You can encounter situations where you want to have a class to use as a base class for a number of other classes, but you do not have any meaningful definition to give to one or more of its member functions. When we introduced virtual functions we discussed one such scenario. Let's review it now.

Suppose you are designing software for a graphics package that has classes for several kinds of figures, such as rectangles, circles, ovals, and so forth. Each figure might be an object of a different class, such as the Rectangle class or the Circle class. In a well-designed programming project, all of them would probably be descendents of a single parent class called, for example, Figure. Now, suppose you want a function to draw a figure on the screen. To draw a circle, you need different instructions from those you need to draw a rectangle. So, each class needs to have a different function to draw its kind of figure. If r is a Rectangle object and c is a Circle object, then r.draw( ) and c.draw( ) can be functions implemented with different code.

Now, the parent class Figure may have a function called center that moves a figure to the center of the screen by erasing it and then redrawing it in the center of the screen. The function Figure::center might use the function draw to redraw the figure in the center of the screen. By making the member function draw a virtual function, you can write the code for the member function Figure::center in the class Figure and know that when it is used for a derived class, say Circle, the definition of draw in the class Circle will be the definition used. You never plan to create an object of type Figure. You only intend to create objects of the derived classes such as Circle and Rectangle. So, the definition that you give to Figure::draw will never be used. However, based only on what we covered so far, you would still need to give a definition for Figure::draw, even though it could be trivial.

If you make the member function Figure::draw a pure virtual function, then you do not need to give any definition to that member function. The way you make a member function into a pure virtual function is to mark it virtual and to add the annotation = 0 to the member function declaration as in the following example:

`virtual void draw( ) = 0;`

Any kind of member can be made a pure virtual function. It need not be a void function with no parameters as in our example.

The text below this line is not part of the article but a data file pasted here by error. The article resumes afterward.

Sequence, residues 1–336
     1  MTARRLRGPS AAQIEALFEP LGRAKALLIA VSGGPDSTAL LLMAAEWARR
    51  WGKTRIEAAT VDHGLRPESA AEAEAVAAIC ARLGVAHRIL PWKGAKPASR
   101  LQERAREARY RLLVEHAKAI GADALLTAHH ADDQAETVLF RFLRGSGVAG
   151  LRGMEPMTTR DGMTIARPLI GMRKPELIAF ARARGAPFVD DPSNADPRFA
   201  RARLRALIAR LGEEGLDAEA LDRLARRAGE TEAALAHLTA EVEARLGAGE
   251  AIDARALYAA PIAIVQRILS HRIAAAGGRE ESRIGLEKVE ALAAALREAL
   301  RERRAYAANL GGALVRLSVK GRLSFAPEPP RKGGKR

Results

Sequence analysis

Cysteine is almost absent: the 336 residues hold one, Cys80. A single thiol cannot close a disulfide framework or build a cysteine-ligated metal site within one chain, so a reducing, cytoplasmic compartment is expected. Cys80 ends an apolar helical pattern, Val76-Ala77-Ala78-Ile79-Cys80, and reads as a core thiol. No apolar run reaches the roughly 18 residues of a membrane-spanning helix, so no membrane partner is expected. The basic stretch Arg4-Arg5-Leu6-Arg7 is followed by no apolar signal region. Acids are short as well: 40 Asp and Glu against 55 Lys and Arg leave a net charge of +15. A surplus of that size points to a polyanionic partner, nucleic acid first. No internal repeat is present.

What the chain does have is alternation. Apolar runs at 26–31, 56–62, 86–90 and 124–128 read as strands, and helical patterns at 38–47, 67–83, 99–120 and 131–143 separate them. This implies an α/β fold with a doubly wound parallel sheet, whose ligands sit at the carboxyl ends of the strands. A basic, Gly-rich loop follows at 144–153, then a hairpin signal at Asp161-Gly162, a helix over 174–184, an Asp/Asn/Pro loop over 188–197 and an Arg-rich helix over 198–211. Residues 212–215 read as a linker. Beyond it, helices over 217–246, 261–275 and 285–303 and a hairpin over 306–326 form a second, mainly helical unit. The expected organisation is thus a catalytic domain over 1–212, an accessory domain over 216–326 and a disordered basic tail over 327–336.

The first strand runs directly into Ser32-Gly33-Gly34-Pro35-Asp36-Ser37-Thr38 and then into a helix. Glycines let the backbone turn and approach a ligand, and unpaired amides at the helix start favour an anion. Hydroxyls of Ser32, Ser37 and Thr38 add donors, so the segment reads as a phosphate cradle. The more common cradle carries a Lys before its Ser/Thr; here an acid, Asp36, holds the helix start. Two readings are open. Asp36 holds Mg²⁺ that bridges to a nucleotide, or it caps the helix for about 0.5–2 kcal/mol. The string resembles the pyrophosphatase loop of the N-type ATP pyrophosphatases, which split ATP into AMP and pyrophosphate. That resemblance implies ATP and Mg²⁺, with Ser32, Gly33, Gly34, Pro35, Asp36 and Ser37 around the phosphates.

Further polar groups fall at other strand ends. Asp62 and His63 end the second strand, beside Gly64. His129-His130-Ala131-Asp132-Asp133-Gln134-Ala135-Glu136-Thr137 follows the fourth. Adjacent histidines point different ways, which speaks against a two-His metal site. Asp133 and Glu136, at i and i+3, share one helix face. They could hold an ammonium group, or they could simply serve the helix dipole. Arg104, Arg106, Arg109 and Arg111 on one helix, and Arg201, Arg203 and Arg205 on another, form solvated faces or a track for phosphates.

A class with one or more pure virtual functions is called an abstract class. An abstract class can only be used as a base class to derive other classes. You cannot create objects of an abstract class, since it is not a complete class definition. An abstract class is a partial class definition because it can contain other member functions that are not pure virtual functions. An abstract class is also a type, so you can write code with parameters of the abstract class type and it will apply to all objects of classes that are descendents of the abstract class.

If you derive a class from an abstract class it will itself be an abstract class unless you provide definitions for all the inherited pure virtual functions (and also do not introduce any new pure virtual functions). If you do provide definitions for all the inherited pure virtual functions (and also do not introduce any new pure virtual functions) the resulting class is a not an abstract class, which means you can create objects of the class.

Programming Example: An Abstract Class

Display 6 shows the interface for the class Employee.

Display 6—Interface for the Abstract Class Employee

```//This is the header file employee.h.
//This is the interface for the abstract class Employee.

#ifndef EMPLOYEE_H
#define EMPLOYEE_H

#include <string>
using std::string;

namespace SavitchEmployees
{

class Employee
{

public:
Employee( );
Employee(string theName, string theSsn);
string getName( ) const;
string getSsn( ) const;
double getNetPay( ) const;
void setName(string newName);
void setSsn(string newSsn);
void setNetPay(double newNetPay);
virtual void printCheck( ) const = 0;
private:
string name;
string ssn;
double netPay;

};
//The implementation for this class is the same as in Chapter 14,
//except that no definition is given for the member function printCheck( )
}//SavitchEmployees

#endif //EMPLOYEE_H```

The word virtual and the = 0 in the member function heading tell the compiler this is a pure virtual function and so the class Employee is now an abstract class. The implementation for the class Employee includes no definition for the class Employee::printCheck (but otherwise the implementation of the class Employee is the same as before).

It makes sense that there is no definition for the member function Employee::printCheck, since you do not know what kind of check to write until know what kind of employee you are dealing with.